Rep. Brad Sherman (D-CA) suggested that “U.S. assistance to Azerbaijan be cut off until it ceases its aggression, renounces violence, and commits to a purely peaceful resolution of the conflict.”
“I will continue to work with my colleagues to provide humanitarian assistance in Nagorno Karabakh and demand the suspension of US military aid to Azerbaijan until its government fully agrees to end cross-border attacks,” Rep. Grace Napolitano (D-CA) stated.
Prior to the Nuclear Security Summit, Members of Congress encouraged the U.S. to take the opportunity to meet with Azerbaijani President Ilham Aliyev and discuss a peaceful resolution for the Nagorno Karabakh conflict.
“I joined dozens of my Democratic and Republican colleagues in March 2016, calling on President Obama and his administration to work with the two parties in advance of last week’s Nuclear Security Summit in Washington, D.C. to deescalate the ongoing situation,” Rep. Napolitano added.
Rep. Sherman said he previously urged the U.S. to use the opportunity provided by the summit to advance the peace process in Artsakh. Instead of peace, “it appears that Azerbaijan’s President Aliyev launched new attacks against Nagorno Karabakh,” he added.
Both of the letters, as well as many statements by Members of Congress, point out that Azerbaijan’s recent hostilities came almost immediately after meeting with Vice President Joe Biden and Secretary of State John Kerry.
“Despite attending meetings in D.C. with Secretary Kerry and Vice President Biden last week, Azerbaijan President Ilham Aliyev does not appear committed to the peace process and I question his sincerity in trying to reach a resolution,” Rep. Jim Costa (D-CA) said.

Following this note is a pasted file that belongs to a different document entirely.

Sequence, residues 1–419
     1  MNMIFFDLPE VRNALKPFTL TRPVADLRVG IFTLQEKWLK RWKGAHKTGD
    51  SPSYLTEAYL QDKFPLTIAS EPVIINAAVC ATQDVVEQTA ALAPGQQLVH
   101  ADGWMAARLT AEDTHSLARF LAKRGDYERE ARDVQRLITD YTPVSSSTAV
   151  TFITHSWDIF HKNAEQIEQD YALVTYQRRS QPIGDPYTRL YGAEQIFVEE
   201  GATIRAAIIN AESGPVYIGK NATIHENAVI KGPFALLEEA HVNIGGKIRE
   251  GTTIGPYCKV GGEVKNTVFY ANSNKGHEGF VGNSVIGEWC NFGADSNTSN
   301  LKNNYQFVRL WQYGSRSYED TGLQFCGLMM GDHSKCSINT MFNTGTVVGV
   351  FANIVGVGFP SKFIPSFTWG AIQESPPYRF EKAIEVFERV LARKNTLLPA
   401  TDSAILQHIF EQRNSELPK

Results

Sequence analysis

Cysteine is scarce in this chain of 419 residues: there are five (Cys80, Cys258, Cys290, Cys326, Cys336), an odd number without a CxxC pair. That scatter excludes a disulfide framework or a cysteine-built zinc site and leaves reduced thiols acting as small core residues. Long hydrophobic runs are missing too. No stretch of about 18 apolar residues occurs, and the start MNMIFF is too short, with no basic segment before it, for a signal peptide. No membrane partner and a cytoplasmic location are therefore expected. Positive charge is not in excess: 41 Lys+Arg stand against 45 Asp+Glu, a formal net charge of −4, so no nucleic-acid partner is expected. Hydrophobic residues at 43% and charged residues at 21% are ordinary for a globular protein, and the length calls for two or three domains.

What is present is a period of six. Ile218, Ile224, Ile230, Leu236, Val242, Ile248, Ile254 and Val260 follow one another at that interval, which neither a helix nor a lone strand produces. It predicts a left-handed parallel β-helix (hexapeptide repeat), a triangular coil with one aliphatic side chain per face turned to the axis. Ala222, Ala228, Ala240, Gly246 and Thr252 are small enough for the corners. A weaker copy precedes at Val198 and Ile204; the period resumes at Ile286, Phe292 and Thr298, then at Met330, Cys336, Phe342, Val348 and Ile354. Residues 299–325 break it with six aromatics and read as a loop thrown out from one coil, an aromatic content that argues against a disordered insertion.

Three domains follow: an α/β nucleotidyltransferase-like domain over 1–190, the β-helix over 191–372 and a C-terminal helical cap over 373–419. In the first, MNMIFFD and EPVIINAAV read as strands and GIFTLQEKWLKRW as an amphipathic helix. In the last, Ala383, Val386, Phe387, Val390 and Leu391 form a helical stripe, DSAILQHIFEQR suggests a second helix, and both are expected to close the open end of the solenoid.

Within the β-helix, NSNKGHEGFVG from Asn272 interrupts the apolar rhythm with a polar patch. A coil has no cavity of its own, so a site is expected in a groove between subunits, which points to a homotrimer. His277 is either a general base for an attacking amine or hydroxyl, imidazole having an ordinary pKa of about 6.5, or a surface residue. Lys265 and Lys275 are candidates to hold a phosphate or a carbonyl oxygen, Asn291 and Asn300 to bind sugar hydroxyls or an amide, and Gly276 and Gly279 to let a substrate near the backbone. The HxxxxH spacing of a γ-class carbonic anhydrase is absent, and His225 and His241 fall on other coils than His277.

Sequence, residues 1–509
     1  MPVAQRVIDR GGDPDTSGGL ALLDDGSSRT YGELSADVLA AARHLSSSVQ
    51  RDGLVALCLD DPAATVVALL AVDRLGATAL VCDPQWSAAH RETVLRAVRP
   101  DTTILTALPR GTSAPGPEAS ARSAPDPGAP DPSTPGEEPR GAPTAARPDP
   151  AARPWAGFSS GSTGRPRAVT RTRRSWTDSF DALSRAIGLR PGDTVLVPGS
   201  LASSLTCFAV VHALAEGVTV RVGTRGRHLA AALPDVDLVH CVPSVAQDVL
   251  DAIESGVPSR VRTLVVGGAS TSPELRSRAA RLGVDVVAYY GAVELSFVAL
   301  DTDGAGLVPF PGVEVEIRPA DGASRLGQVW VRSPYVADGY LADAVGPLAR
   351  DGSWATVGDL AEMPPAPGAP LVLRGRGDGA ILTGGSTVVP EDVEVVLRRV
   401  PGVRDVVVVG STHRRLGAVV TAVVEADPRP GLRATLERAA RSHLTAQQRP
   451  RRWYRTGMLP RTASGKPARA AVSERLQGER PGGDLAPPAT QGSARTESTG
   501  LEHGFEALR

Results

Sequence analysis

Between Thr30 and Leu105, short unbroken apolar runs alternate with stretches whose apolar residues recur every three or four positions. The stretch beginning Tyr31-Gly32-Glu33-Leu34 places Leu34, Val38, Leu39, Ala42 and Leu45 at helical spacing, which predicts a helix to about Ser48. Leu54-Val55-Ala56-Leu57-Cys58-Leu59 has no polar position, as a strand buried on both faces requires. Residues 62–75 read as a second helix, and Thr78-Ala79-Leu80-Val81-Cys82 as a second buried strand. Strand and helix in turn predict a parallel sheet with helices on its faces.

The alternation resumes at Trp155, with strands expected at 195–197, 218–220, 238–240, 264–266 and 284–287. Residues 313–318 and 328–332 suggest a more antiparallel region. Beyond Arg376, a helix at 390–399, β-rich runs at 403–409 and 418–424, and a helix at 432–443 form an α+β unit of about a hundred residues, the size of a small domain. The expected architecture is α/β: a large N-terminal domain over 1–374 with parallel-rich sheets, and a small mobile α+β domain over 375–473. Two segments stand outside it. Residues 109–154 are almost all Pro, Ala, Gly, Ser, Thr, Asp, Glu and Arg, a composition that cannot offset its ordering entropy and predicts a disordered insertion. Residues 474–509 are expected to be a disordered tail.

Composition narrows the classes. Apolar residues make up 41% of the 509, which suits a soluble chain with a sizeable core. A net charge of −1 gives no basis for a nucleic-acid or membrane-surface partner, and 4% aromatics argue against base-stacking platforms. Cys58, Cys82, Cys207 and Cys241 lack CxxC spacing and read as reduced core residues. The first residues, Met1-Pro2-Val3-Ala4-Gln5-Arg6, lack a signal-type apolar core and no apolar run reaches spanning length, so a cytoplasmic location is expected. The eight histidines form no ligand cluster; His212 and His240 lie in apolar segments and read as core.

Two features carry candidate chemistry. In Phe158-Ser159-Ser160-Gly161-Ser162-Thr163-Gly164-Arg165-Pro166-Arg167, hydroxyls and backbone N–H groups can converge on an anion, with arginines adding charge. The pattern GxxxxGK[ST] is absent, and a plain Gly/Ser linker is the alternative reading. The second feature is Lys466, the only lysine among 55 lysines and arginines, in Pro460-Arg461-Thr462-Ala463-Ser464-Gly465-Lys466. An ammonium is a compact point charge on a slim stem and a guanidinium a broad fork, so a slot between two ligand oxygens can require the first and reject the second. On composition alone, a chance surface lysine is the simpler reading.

In his statement, Rep. Adam Schiff (D-CA) pointed out that the attacks occurred just hours after Azerbaijan’s President returned from meetings in Washington, D.C. with Vice President Joe Biden and Secretary of State John Kerry. Rep. Schiff urged the Obama Administration and the OSCE Minsk Group to “demand accountability on the part of Azerbaijan and continue to work toward implementing proposals that promote peace.”
On April 6, the governments of Azerbaijan and the Nagorno Karabakh Republic announced the cessation of hostilities and the Armenian Assembly of America hopes that the cease-fire holds.
On March 25, the Assembly submitted testimony to the House Appropriations Subcommittee on State, Foreign Operations, and Related Programs where he outlined nine key policy priorities for the Armenian American community in Fiscal Year (FY) 2017. Part of those priorities included full enforcement of Section 907 of the FREEDOM Support Act; advancing the Nagorno Karabakh peace process; and not less than $5 million to Nagorno Karabakh, especially for the Lady Cox Rehabilitation Center.
Established in 1972, the Armenian Assembly of America is the largest Washington-based nationwide organization promoting public understanding and awareness of Armenian issues. The Assembly is a 501©(3) tax-exempt membership organization.